18 May 2013

Commentary - 2013 U.S. Championships, Round 9

In the last round (round 9) of the U.S. Championships, a number of games were worth examining closely for my training purposes.  The news link above includes the Robson-Kamsky game, which I don't look at here but which was fascinating to see during the live commentary. Kamsky again drew an unbalanced endgame after some complications, eventually winning the later playoff against Ramirez.

Game 1: GM Alejandro Ramirez - GM Larry Christiansen
This was an exciting contest in a Symmetrical English that Christiansen decided to unbalance with an early ...e5.  It was White's move 23 pawn sacrifice that really unbalanced the game, however, an excellent example of a sacrifice invigorating a position.  White breaks into Black's position starting on move 34 and some complex tactics ensue.  Winning this game put Ramirez into the playoff with Kamsky.


Game 2: GM Timur Gareev - GM Conrad Holt
The opening phase saw Holt reject a possible early draw in an Exchange Slav and eventually end up in a closed position, but with some chances for both sides to try and make progress.  Choices made about where to play were worth studying, with Houdini for example suggesting White could have pursued a queenside strategy.  A long endgame struggle ends after a slip by Holt allows White to force a queen exchange that would give him a winning K+P endgame.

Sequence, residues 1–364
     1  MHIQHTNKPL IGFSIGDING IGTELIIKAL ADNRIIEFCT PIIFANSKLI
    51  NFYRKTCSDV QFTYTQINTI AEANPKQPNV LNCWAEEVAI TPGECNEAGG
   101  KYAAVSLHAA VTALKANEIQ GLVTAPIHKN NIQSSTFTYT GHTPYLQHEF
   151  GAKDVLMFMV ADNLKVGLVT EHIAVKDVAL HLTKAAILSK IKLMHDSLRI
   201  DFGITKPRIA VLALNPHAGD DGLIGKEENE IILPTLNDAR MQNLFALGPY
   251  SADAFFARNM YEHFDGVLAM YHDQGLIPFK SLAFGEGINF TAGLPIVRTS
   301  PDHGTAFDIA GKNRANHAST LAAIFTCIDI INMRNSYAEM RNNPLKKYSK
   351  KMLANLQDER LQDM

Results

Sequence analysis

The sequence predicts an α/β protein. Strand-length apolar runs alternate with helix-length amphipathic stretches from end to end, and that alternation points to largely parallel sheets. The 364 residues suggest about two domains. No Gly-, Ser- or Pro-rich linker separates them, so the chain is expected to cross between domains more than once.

Game 3: FM John Bryant - Yaacov Norowitz
The Caro-Kann Bronstein-Larsen variation finally chalks up a win in this event, as Norowitz masterfully uses Black's positional characteristics to his advantage, instead of having White take over the initiative as occurred in previous games.  It is both fitting and ironic that Black's doubled f-pawns are the key to final victory.


Game 4: GM Melik Khachiyan - GM Marc Arnold
For Slav devotees, this game is an excellent illustration of why almost no one plays a fianchetto against it.


Game 5: GM Ben Finegold - GM Alex Shabalov
I include this for the final move, which is an inspired combination from Shabalov.  The knight cannot be taken without losing, nor can it be ignored.

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